A new federal agency should be created to help American companies maintain their world leadership in the commercial use of biological processes, an industry spokesman said yesterday.

Japan and other countries are pumping government money into their biotech firms and "are gaining on us," Ronald Cape, president of the Industrial Biotechnology Association, said at a national conference on biotechnology.

"The race is on," Cape told about 800 delegates of Biotech '84 at the Sheraton Washington Hotel. "The U.S. invented it, is leading it and is shooting itself in the foot and is not going to win the race."

Cape, chairman of Cetus Corp., of Berkeley, Calif., compared the competition in biotechnology to the space race stimulated by the Soviets' Sputnik satellite, and said U.S. biotech firms need "a supporter" like the National Aeronautics and Space Agency.

The biotechnology agency would be a "proponent" of the industry, helping to fund basic research, Cape said, but should not be responsible for regulating research or product development.

Cape said that the agency should provide funds primarily to universities, while private industry raises the capital for applied research.

Since 1976, private venture capital has financed the startup of more than 100 U.S. biotech firms, providing more than $350 million in equity investments between 1977 and August 1983, the Office of Technology Assessment said in a study released in January. Research-and-development limited partnerships in biotechnology should total $1.5 billion this year, it said.

The OTA report said the United States was the world leader in the application of biological processes and organisms for commercial purposes.

More than 200 U.S. companies use techniques such as fermentation, cell fusion and genetic engineering to produce items that include pharmaceuticals, food additives, chemicals and agricultural products.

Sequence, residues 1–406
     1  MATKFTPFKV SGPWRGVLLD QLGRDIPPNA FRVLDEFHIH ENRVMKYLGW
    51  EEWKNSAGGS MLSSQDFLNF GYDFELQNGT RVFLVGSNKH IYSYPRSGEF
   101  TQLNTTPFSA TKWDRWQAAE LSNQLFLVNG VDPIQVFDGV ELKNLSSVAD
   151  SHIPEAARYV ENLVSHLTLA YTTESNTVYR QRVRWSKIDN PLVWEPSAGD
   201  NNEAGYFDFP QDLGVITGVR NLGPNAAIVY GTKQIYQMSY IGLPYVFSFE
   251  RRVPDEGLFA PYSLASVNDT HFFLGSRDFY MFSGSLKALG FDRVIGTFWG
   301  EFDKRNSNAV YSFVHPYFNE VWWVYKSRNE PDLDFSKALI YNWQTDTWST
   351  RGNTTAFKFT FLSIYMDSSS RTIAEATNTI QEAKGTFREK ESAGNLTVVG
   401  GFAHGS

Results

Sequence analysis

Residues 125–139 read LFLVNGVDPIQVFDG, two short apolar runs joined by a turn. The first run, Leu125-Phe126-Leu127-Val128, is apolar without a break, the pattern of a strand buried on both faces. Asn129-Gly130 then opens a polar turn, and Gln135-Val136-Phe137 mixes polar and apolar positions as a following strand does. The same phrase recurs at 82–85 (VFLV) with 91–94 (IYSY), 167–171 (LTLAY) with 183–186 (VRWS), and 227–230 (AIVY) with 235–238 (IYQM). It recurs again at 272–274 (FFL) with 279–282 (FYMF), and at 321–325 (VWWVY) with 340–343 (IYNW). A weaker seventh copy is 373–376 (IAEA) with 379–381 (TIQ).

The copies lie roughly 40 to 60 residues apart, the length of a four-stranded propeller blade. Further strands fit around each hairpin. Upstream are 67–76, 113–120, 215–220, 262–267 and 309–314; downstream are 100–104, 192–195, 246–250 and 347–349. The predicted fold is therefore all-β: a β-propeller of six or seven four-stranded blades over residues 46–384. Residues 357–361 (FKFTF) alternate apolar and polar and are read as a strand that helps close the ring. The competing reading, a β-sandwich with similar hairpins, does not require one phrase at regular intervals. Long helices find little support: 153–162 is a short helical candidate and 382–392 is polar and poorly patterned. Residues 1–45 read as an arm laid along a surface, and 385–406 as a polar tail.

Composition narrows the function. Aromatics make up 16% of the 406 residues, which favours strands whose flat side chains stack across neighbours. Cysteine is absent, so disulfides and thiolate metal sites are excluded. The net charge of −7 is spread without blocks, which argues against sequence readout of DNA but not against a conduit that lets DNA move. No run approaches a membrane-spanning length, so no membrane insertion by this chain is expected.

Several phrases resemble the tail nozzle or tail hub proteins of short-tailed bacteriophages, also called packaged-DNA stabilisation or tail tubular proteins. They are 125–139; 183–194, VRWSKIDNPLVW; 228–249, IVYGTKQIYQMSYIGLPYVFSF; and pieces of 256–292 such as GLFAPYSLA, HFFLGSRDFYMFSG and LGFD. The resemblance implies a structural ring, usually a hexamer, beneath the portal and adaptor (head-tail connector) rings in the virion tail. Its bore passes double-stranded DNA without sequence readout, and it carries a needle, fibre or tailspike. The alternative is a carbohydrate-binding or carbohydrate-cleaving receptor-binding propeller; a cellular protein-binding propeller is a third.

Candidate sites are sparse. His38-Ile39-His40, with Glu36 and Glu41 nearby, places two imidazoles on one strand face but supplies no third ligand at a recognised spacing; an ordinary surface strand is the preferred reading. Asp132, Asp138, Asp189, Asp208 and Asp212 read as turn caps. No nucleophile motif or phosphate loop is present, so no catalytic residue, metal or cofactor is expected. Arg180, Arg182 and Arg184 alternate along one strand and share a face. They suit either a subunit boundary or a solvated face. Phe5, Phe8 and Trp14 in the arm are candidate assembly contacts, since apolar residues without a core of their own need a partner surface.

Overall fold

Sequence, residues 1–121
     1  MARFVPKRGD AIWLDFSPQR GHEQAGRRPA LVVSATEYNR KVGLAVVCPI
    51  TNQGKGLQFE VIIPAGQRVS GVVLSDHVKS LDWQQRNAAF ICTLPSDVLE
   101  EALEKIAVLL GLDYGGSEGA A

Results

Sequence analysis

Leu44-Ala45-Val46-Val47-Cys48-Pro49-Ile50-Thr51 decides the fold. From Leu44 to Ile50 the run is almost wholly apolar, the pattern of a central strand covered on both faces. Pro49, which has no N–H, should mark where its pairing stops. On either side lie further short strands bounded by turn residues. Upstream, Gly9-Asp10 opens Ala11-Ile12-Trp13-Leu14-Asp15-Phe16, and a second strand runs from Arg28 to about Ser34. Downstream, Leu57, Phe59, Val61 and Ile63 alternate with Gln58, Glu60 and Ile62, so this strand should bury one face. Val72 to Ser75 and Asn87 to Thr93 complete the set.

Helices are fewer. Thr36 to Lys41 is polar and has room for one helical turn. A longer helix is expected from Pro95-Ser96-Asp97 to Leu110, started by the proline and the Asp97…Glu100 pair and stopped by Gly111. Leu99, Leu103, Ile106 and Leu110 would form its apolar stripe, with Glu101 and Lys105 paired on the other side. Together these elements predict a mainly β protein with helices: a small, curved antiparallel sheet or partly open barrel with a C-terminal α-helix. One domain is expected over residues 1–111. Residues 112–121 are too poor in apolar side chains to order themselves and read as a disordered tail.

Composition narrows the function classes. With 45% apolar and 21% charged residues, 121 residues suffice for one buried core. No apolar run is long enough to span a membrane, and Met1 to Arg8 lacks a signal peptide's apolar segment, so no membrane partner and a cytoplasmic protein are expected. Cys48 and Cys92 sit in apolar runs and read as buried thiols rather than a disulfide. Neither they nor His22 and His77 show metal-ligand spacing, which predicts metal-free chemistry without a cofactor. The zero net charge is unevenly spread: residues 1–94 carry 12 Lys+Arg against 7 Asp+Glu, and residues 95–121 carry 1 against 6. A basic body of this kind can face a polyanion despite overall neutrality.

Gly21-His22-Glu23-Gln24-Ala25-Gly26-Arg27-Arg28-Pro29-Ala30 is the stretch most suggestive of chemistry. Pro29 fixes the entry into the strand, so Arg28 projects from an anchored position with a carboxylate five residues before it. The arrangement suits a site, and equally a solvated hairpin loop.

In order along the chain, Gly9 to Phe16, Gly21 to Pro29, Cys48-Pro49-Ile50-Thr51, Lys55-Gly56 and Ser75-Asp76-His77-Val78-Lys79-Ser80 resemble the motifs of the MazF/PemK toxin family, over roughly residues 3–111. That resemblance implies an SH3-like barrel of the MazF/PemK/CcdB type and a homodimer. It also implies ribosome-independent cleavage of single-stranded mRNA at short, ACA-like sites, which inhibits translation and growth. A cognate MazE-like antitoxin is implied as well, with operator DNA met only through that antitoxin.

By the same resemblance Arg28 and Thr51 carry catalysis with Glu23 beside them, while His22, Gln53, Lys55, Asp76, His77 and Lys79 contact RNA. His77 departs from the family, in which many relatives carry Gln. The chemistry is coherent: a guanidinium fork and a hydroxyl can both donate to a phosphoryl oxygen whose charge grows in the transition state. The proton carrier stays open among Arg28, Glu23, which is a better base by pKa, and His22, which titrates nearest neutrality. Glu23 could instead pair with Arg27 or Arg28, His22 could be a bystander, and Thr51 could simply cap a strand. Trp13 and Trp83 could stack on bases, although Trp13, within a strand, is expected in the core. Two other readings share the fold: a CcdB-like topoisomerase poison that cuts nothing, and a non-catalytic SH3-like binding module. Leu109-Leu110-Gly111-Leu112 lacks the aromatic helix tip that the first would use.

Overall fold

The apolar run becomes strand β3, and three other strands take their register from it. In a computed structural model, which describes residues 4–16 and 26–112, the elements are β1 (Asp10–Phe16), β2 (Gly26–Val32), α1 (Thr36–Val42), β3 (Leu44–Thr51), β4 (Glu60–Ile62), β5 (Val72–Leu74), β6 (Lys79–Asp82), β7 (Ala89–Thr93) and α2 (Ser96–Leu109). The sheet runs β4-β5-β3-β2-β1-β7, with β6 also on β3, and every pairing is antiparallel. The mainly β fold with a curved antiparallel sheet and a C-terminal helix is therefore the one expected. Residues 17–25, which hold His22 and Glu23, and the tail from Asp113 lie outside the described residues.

Meanwhile, the report said, the Japanese government has "targeted biotechnology as a key technology of the future, is funding its commercial development," and is likely to be America's strongest competitor.

"They did it to us in cars," Cape said later, referring to Japanese success in the auto industry. "They did it to us in tape recorders and TVs. Now they say they're going to do it to us again in biotechnology."

The National Institutes of Health plans to spend $4.2 billion this year on all biological research and development, up 12 percent from last year, and 33 percent more than in 1980.

But Cape said that NIH has a "fragmented agenda" and too many "turf problems" to continue as the major sponsor of basic biomedical research. He said a "totally new" agency should double government spending on basic life science research.

NIH's communications office declined to comment on Cape's remarks.

Robert F. Johnston, a venture capitalist who helped found Genex Corp. of Rockville and other biotech firms, agreed that more federal money is needed for basic research. "We need more to stay competitive," he said.

Johnston is the president of Johnston Associates Inc., of Princeton, N.J., a firm that arranges financing for new biotech companies. He said that venture money is available for new companies and that R&D partnerships, public offerings and corporate alliances can help finance mature companies.

But private capital cannot replace the government as the primary supporter of basic, university research, he said.

Additionally, "it is more appropriate" that government pay for basic research because it is information that "ought to be part of the public domain," he said.